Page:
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    What Have The Us And Donald Trump Said

    Words turned to action on July 6, 2018, when both sides levied tariffs on $34bn worth of goods.

    This was then increased by $16bn by both sides on August 23, 2018.

    The stakes were raised yet again on September 17, 2018, when the US imposed $200bn at a rate of 10 per cent while China was more cautious imposing the same rate but on $60bn.

    A ceasefire of sorts was then introduced in December 2018 with the two sides agreeing to start negotiations and tariffs were paused.

    But despite numerous rounds of talks no agreement has been reached and the US then said it would raise tariffs on $200bn of China goods to 25 per cent.

    On May 13, 2019, China said it would increase tariffs on £46bn of US exports, which caused stock markets to tumble.

    Trump then declared a national emergency over threats against US technology paving the way for a ban on Chinese firm Huawei.

    On May 15, he signed an executive order effectively barring US companies from using foreign telecoms believed to pose a security risk to the country.

    Trump did not name any company specifically in the order, but analysts suggested it is mainly directed at Chinese telecommunications giant Huawei.

    Is The Trump Trade War With China Back On Not So Fast

    Did Mnuchin Ease Trump Off Trade War With China?  The Forward
    • 04:06 PM ET 05/29/2018

    The White House said it will tee up tariffs on $50 billion worth of Chinese imports by June 15, enabling President Donald Trump to swing away shortly thereafter. So is a Trump trade war with China back on?

    Various news reports gave that impression, even though Treasury Secretary Steven Mnuchin said the trade war was “on hold” barely over a week ago. Yet it’s a premature conclusion at best that the White House is back on a China trade war footing.

    President Trump has acknowledged some misgivings with the tentative deal for China to buy more U.S. energy and agricultural goods. Yet he continued to strike a mostly conciliatory tone for the past six weeks. That includes Trump’s agreement to lift the effective death sentence for ZTE, the Chinese telecom equipment giant that’s been unable to buy key components due to stiff U.S. sanctions.

    Trump may be taking a softer line with China to facilitate nuclear diplomacy with North Korea.

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    Chinas Intellectual Property Safeguards

    Chinas alleged failure to protect intellectual property rights is also mischaracterized. At the extreme, China is accused of stealing foreign intellectual property, especially technology. But after accounting for the size of Chinas foreign transactions and research activities, such events may not occur unusually often or are possibly exaggerated.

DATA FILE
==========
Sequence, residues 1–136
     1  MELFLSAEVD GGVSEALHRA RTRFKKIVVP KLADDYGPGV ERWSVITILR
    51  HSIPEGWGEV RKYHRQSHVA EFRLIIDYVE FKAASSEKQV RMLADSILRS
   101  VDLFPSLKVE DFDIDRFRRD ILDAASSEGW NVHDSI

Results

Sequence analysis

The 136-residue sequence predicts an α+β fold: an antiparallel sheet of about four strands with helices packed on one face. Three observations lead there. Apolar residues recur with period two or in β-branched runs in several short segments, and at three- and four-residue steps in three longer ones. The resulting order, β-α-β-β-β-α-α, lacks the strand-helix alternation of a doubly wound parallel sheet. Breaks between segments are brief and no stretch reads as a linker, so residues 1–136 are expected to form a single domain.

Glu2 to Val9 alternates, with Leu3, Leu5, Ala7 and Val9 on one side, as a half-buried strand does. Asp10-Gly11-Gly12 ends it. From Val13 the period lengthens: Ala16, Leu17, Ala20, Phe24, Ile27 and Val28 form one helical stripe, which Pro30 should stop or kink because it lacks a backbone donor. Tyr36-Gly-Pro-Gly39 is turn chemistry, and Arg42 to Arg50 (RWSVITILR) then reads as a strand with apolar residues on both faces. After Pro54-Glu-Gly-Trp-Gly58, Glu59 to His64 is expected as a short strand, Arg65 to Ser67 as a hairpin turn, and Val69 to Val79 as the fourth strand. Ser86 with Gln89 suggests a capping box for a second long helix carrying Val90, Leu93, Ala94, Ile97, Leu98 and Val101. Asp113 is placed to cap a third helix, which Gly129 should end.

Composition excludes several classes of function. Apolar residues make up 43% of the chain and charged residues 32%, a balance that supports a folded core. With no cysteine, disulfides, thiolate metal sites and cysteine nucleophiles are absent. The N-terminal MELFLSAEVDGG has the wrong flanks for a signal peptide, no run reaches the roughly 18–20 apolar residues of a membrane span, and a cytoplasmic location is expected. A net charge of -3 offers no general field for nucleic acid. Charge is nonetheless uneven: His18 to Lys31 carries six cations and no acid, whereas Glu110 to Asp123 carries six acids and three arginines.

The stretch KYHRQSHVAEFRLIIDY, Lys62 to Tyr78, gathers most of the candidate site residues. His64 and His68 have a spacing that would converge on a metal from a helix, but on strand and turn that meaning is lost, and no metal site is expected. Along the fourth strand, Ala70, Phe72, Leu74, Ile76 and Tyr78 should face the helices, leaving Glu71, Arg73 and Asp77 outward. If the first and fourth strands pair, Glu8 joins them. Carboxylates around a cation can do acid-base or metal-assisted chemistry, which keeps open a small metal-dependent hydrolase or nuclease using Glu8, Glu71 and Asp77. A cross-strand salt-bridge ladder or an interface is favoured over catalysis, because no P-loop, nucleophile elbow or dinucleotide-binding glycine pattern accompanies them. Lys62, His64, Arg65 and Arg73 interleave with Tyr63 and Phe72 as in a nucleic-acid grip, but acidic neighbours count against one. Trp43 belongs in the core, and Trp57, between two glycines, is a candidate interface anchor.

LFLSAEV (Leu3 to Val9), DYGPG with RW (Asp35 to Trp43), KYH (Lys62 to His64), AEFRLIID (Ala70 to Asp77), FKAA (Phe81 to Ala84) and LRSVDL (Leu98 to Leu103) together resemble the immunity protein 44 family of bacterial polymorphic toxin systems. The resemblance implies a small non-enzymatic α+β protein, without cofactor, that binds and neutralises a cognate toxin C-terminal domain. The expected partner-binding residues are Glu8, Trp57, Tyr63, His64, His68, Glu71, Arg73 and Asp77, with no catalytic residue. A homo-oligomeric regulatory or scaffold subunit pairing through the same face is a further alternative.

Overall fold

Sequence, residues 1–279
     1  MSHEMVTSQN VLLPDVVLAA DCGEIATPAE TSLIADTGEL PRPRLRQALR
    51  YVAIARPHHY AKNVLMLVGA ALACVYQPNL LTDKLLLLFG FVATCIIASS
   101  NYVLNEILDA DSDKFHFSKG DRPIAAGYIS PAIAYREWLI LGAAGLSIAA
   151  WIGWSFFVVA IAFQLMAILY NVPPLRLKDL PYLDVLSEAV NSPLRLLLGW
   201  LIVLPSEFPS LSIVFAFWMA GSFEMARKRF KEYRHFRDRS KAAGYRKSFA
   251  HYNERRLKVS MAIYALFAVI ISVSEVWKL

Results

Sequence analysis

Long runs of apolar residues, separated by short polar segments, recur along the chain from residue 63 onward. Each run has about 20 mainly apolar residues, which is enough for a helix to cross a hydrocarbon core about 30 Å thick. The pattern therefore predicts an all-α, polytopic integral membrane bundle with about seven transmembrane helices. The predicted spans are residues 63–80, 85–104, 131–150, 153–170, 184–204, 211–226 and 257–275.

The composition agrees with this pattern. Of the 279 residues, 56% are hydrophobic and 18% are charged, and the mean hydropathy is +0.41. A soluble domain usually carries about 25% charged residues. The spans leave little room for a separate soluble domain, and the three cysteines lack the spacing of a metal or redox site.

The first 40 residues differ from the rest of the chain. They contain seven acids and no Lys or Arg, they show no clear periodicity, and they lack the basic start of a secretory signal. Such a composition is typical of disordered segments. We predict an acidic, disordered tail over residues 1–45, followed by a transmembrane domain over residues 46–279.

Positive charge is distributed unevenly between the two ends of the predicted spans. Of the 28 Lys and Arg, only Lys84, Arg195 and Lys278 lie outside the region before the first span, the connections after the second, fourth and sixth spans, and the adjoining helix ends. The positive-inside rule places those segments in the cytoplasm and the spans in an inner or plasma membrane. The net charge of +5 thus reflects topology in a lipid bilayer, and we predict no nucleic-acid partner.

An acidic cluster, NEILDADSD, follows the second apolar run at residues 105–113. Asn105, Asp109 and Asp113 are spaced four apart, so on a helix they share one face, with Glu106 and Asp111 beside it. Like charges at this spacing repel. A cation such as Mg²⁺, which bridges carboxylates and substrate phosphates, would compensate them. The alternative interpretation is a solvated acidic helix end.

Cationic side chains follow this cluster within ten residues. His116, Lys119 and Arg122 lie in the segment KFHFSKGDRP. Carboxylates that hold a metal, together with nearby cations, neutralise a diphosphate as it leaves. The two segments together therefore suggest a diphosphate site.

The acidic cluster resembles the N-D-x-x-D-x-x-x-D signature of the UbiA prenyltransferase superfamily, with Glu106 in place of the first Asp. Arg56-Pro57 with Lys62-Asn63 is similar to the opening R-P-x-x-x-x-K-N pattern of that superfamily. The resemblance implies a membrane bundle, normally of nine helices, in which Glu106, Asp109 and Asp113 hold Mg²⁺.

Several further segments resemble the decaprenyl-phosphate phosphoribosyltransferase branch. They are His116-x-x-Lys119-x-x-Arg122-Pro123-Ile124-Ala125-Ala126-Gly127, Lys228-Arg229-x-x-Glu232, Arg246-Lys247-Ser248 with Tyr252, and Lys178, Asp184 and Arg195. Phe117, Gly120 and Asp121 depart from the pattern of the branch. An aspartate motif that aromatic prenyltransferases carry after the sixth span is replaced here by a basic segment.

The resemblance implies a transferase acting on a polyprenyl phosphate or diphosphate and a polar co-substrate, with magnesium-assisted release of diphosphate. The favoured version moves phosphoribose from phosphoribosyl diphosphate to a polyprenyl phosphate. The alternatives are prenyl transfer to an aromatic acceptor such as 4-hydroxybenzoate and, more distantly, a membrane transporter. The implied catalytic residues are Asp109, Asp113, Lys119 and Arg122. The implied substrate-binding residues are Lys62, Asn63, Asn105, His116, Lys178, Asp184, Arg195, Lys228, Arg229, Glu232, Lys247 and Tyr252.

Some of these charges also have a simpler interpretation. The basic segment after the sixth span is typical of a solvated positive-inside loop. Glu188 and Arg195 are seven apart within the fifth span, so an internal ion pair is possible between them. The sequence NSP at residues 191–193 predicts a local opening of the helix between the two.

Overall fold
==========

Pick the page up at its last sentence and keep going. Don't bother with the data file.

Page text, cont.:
Further, Chinas patent courts have matured in dealing with this problemforeign plaintiffs are now more likely to win their cases than domestic firms. In addition, theft is becoming less of a concern as payments for royalties and licenses by Chinese firms, according to one think tank scholar, have grown almost by a factor of four in the past ten years, making China the second-largest payer of such royalties globally.

    The reality is that it takes generations to develop a sound regime for intellectual property rights, as was the case for the United States. The foundation of Chinas system was laid only two decades ago with reforms that accompanied Chinas 2001 accession to the World Trade Organization. Progress has been notable in recent years as evidenced by the findings of the 2020 Business Climate Survey by the American Chamber of Commerce in China the survey indicated that nearly 70 percent of surveyed U.S. firms in China felt that Chinas enforcement of intellectual property rights had improved, compared with only 47 percent in 2015.

    Political Costs Of The Trade War

    Several academic papers examine whether the trade war had political consequences for Republican candidates during the 2018 midterm congressional elections. The higher costs of imported products from the original tariffs, plus declining sales overseas because of the retaliatory tariffs imposed by our trading partners, harmed certain groups and areas of the country more than others. If voters in these areas blamed Republicans for their economic distress, it is possible that Republicans would have lost votes.

    Complicating matters, countries imposing retaliatory tariffs may have chosen products that are disproportionally produced in Republican areas. For example, they might target industries that are concentrated in states that voted for Trump in the 2016 presidential election. They might also target congressional districts that had close elections that a Republican won in 2016. The idea behind such strategies would be to impose tariffs on U.S. products that would inflict the greatest political damage for Republican candidates. Countries could adopt such a policy to apply pressure to change U.S. trade policy.

    All the papers listed above find that the trade war reduced the Republican share of votes in the 2018 congressional elections. By one estimate, the trade war cost Republicans between five and eight House seats. These papers also provide evidence that the retaliatory tariffs were in fact directed at districts where the previous election was close.